Surprising an employee with a dismissal: Good managers come to a performance-related termination meeting knowing that the employee already knows that they are being terminated and why. The ongoing progressively more stern discussions between the employee and his supervisor have alerted the employee of the problems as well as the clear metrics and time frame that have driven the timing of the meeting.
Ideally, this kind of rational progressive approach is perceived as fair by the other employees. Even when the dismissed employee is a no-good, dirty rat, the other employees might extrapolate your treatment of that individual to how they might be treated if there are problems.
There are exceptions when an employee committed some illegal acts, egregious safety violations or when the employee has exceeded the “OK to steal” amount. Stealing terminations are complicated when the company has not published the number and, we hear in some states, are subject to labor claims. “I know you caught me red-handed and that this is a felony but since nobody told me that I wasn’t allowed to steal from the company I think this is a wrongful termination.”
Surprise! A key customer leaves: Since customers are often able to change suppliers on a whim, it might be good to consider some actions to reduce the likelihood that they will surprise you. Some ideas:
1. Get compromising photos or video of the customer stealing candy from a small child and threaten to post it on YouTube.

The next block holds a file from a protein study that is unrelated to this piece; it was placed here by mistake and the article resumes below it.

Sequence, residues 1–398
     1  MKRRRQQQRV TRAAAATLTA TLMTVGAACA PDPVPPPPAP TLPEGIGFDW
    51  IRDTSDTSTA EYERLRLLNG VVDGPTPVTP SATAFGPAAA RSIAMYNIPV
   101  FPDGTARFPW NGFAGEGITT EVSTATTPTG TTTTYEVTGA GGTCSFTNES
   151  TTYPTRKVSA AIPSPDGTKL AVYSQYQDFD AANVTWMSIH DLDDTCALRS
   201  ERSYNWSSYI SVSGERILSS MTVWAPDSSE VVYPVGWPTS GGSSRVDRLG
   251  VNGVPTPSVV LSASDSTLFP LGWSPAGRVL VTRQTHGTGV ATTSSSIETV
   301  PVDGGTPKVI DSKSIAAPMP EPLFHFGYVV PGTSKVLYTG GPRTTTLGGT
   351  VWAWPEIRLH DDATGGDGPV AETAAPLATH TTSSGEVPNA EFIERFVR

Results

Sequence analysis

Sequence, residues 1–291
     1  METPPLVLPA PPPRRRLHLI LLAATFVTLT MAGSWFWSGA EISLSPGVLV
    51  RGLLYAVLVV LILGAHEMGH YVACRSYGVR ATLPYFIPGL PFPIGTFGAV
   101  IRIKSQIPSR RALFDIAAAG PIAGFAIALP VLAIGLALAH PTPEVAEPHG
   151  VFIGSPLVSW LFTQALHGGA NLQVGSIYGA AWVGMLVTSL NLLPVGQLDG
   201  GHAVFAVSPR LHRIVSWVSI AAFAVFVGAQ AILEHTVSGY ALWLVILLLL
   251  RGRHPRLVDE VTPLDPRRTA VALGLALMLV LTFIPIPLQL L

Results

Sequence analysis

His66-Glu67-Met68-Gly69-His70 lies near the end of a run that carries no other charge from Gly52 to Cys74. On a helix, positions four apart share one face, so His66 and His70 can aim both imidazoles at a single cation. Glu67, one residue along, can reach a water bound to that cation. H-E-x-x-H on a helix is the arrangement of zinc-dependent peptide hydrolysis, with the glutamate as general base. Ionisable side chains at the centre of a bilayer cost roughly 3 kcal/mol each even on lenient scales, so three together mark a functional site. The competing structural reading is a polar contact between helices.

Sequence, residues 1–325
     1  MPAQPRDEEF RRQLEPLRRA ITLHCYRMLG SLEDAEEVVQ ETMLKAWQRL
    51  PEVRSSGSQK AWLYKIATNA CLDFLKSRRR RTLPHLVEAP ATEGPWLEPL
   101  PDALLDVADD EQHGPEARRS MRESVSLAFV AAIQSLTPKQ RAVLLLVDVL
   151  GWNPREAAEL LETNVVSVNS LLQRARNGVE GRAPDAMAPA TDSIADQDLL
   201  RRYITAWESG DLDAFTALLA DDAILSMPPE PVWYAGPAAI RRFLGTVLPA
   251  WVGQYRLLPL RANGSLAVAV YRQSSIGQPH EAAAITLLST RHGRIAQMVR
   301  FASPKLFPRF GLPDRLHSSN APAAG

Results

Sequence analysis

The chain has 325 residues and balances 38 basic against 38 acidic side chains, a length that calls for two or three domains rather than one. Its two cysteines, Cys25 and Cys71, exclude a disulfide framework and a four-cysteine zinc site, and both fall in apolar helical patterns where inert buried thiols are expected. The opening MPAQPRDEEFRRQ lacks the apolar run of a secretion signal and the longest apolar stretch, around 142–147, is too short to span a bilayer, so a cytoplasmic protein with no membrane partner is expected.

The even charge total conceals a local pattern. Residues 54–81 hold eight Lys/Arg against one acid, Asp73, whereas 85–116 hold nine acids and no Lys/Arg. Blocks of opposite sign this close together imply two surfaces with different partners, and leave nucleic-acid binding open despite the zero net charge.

2. Remember to tell customers that you appreciate their business…it’s hard to overdo this one.
3. Continue to ask them what you need to do in order to continue to deserve their business and to earn a greater share of their business. This is often most powerful during an executive visit to their place of business. A lot of wholesalers have forgotten how much can be learned in a customer visit. Some wholesalers like to think of themselves as the lord and master of the realm holding court with their customers (who cast are in the role of peasants).
4. Build a suite of services to offer along with your products. This is actually almost as good as those compromising photos. When customers become addicted to your service offering and are afraid to leave you, they become day-in and day-out steady buyers and they are less concerned about price. These services can range from a killer webstore to lots of other services that help them close business, complete jobs profitably and bill for the jobs when finished. For our white paper with ideas on some services you can provide, email email@example.com
As always we hope this gets you thinking about these and other business surprises that you want to avoid this Halloween season and beyond.